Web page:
I received your highly valuable, and very welcome Letter by the post last evening - What a great happiness and consolation it is in our present seperated situation to be able reciprocally hear from and communicate our undisguis'd sentiments to each other, I wish my situation permitted me to employ more time in writing to the dear object of my whole affections. I lament very much when I am oblig'd to break of that as sometimes I am forc'd to do and that even at a time that my full determination has been to write an exceeding long Letter - But my dear Girl you must excuse long Letters for the present & by & bye heaven will re unite us & give us to enjoy a Long Life to be spent in the most social joys, in being good and happy ourselves, and endeavoring to make all happy arround us - Indeed my Love without Goodness or an endever after it here we shall be miserable, contemptable creatures both in the present and future State. how happy Should we be were all our actions, free from [illegible] and passion, when [inserted: brighten'd] Reason and [inserted: Godlike] Religion should dictate our line of Conduct, dont think my dear that I am trifling, and intoning this as the mere thought of a moment. I wish to Heaven I thought more frequently of that great change which I most certainly shall [illegible] [2] and the Great tremendously great consequences after their Charge - this is a matter that concerns all and for which all ought to be prepard - Your intelligence concerning the dear pledge of our mutual affection is to me both interesting and pleasing - I beleive I shall make a very family man when peace shall again bless this despis'd Injur'd and Insulted Country -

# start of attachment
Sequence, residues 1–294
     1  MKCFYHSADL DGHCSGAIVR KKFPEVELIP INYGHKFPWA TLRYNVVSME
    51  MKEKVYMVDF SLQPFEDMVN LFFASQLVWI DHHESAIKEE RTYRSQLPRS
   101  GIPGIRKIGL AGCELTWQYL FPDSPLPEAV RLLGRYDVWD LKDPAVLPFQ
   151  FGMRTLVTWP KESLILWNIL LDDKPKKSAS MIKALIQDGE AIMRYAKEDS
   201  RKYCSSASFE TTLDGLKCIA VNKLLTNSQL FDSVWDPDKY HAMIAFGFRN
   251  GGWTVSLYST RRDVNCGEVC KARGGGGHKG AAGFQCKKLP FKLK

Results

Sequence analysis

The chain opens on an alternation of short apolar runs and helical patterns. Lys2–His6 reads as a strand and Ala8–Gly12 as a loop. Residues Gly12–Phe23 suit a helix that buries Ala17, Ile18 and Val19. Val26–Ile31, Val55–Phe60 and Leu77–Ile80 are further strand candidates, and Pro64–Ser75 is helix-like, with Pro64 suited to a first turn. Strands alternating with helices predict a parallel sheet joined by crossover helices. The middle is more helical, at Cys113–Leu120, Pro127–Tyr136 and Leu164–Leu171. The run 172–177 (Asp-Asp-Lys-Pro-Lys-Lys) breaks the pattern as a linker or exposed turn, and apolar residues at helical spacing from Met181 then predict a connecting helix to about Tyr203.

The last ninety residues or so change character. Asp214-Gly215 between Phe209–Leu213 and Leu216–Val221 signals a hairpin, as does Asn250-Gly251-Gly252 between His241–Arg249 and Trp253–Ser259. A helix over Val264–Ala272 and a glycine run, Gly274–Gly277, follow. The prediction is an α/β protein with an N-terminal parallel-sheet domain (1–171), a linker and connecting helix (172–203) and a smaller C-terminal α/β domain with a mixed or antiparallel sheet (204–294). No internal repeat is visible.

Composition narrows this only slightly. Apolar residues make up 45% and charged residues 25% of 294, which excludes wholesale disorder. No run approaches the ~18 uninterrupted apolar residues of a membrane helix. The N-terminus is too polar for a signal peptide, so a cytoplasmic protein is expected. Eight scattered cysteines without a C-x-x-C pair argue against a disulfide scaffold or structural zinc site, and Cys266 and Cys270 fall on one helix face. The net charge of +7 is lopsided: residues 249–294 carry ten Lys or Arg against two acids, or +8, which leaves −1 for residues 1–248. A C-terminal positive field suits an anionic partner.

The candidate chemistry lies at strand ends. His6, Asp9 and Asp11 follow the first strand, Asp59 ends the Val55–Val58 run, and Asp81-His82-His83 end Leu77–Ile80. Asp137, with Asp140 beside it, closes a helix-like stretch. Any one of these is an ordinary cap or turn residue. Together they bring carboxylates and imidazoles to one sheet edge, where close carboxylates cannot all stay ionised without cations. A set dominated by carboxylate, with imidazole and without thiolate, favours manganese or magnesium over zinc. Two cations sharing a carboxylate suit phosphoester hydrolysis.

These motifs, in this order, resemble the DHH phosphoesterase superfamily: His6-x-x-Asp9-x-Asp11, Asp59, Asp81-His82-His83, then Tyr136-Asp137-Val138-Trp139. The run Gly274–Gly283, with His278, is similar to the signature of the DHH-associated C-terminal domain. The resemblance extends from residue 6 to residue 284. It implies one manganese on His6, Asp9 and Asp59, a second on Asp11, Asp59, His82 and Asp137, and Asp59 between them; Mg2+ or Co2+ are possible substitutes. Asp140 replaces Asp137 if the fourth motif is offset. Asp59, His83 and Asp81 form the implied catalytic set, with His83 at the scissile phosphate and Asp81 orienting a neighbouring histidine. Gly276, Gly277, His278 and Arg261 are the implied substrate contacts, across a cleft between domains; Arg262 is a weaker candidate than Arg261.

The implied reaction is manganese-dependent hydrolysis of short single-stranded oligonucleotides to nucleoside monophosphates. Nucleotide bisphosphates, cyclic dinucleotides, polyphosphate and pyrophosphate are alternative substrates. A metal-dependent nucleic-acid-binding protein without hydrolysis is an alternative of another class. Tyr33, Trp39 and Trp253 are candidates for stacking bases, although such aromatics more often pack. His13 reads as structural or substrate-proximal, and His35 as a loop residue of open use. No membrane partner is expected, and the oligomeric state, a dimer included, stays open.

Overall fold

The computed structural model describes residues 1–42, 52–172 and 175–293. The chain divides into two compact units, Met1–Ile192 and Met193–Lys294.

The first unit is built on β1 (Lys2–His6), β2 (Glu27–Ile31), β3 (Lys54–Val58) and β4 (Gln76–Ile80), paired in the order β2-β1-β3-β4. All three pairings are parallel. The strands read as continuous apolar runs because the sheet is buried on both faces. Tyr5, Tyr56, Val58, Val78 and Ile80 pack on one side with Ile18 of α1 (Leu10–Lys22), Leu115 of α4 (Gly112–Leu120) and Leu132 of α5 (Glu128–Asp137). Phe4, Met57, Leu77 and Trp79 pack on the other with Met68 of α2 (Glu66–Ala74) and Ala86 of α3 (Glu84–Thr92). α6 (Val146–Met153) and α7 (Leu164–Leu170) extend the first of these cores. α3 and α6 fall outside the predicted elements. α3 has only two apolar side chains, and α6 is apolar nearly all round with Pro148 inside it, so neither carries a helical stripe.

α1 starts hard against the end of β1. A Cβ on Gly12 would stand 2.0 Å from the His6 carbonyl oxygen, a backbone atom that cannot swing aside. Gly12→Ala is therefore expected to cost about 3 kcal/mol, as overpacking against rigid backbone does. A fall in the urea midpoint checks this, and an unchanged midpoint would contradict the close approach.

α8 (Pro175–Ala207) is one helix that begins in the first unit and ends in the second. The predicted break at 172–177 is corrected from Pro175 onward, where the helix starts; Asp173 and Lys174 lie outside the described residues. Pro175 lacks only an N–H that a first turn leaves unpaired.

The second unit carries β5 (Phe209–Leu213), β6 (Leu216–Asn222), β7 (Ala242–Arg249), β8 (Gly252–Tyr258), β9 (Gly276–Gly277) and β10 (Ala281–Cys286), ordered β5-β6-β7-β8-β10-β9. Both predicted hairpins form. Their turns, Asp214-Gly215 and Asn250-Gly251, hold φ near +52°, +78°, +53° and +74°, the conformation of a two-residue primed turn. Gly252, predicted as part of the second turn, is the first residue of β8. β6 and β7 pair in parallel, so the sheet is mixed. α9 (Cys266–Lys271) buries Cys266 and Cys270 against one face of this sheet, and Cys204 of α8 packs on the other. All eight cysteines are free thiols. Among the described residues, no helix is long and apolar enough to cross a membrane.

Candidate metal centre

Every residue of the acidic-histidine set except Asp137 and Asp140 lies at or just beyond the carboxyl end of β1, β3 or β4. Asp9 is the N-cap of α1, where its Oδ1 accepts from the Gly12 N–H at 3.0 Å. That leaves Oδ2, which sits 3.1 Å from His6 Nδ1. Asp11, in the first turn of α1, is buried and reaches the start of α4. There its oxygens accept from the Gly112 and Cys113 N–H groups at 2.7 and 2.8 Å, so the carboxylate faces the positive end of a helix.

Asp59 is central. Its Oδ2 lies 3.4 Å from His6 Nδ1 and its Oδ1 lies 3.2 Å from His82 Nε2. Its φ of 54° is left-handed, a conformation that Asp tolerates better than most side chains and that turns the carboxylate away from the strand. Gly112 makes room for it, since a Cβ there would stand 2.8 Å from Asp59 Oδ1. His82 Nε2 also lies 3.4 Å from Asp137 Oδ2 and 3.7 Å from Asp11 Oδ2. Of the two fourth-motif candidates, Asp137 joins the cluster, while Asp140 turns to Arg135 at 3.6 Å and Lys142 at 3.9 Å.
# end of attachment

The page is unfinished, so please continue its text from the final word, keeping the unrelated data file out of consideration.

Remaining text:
Mr Root it appears from your Letter has alarm'd You by saying he had it from General Washington that we had not more the 20 000 strong - This must have been some time past we have had since thousands of very fine troops arrivd within these [struck: days] few days from the Southward and Connecticut and we hear certainly of Considerable numbers more on their march - Their whole reinforcement is now arriv'd, and I suppose they soon will make their ground push - how or in what shape that will be is a little uncertain at present we yesterday had a deserter from them who appears to be an addled headed fellow and incapable of giving much Information - [struck: I think with] The Hessians from every Information appear to be a sett of people formidable only by their numbers which are about 10 or 12 000, otherwise they a parcel of poor uninterested scoundrells who have nor of right ought to have any other Interest in this quarrel but what money influences - Sir Parkers ship the Bristol arrived Yesterday - she came in a lame Duck nothing [present] but his foremast the rest Jury masts - I have very little doubt with the blessing of that God to Whom we ought to look for help that we shall be very well able to withstand [3] The force of these troops - Vain [struck: people] Nation how hast thou despis'd us! how hast thou oppressd and insulted us as if there were none to help us - and now like a desperate Gambler thou art about to venture thy very existence as a people upon an action [inserted: in] which if thou shalt be beaten then art totally lost and gone perhaps for ever - adieu Britain forever adieu - Peters account to you of the letter as you relate it is humorous; he has [illegible] written Me a Letter [inserted: for] the Composition and Sentiment of which I love him much but not to your Right or prejudice - he really is a sensible Lad -